Background: While masks are recommended for those with asthma in the era of COVID-19, there is limited research exploring the extent of and problems related to mask use in adults with asthma. Objective: We sought to describe in adults with asthma: 1) the extent masks are worn and attitudes and beliefs about wearing masks; (2) participant characteristics associated with problems experienced while wearing a mask, and (3) participant experiences and recommendations regarding masks. Methods: The Mask Use in Adults with Asthma online survey was conducted with 501 adults with asthma primarily (96.6%) from the United States. A Mask Effects Scale (MES) was compiled from items addressing problems experienced wearing a mask with higher total scores indicating more problems. Open-ended questions explored factors considered when choosing a mask, problems experienced while wearing a mask, and recommendations to others with asthma. Survey data were analyzed descriptively and via multiple regression. Themes were generated from open-ended items. Results: Almost all participants (98.4%) indicated wearing a mask in public and most (67.4%) wore a mask ≤3 hours per day. Poorer asthma control and wearing a mask longer were significantly associated with higher MES scores (P≤.001 & .005, respectively). Participant recommendations included “Just wear it”, use a comfortable, well-fitting mask, take mask breaks, and carry your inhaler. Conclusions: Wearing a mask in public was almost uniformly adhered to by participants, despite reporting problematic effects. Implementing recommendations, such as planned mask breaks, can support and enhance the experience of wearing a mask for adults with asthma.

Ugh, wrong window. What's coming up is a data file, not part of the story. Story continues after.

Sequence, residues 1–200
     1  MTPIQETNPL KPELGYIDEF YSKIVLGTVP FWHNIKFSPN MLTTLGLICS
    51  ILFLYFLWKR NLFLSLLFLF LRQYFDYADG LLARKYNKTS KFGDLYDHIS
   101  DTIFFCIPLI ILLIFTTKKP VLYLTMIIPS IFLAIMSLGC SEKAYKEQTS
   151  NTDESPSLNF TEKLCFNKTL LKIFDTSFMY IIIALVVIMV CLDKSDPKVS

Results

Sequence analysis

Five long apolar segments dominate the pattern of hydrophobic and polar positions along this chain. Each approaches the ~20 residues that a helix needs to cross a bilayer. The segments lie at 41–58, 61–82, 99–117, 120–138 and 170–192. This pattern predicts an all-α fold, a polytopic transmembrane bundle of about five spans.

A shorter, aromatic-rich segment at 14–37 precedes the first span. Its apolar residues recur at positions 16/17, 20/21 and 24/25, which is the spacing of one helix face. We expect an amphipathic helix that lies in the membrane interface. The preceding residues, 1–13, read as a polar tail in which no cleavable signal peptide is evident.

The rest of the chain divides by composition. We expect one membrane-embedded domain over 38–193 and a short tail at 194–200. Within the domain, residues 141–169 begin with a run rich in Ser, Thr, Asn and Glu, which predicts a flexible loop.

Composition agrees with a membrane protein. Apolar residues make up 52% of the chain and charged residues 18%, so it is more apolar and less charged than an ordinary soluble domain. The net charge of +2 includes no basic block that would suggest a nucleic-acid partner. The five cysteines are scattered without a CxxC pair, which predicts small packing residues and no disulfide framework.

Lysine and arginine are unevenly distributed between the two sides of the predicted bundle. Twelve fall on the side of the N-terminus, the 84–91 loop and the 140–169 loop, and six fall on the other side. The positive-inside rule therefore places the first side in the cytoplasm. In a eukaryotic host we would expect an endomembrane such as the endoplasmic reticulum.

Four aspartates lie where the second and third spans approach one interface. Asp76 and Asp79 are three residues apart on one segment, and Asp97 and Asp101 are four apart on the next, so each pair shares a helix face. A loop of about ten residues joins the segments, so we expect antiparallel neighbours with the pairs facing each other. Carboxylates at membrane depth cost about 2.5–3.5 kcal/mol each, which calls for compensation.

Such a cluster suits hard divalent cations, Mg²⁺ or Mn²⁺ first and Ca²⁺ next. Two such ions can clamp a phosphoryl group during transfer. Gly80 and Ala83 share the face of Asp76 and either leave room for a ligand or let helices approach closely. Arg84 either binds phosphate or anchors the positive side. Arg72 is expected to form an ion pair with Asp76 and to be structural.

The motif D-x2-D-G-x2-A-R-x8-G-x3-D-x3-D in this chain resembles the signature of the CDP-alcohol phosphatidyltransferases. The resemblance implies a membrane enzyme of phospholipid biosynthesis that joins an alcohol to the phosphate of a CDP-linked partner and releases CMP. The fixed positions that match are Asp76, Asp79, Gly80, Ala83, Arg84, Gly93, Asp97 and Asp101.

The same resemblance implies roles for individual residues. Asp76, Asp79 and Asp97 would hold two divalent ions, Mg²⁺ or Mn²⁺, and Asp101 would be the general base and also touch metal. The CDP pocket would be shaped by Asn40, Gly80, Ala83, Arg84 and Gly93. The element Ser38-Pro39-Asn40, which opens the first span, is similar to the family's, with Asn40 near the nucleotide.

Fuente: The Journal of Allergy and Clinical Immunology: In Practice
Available online 14 November 2021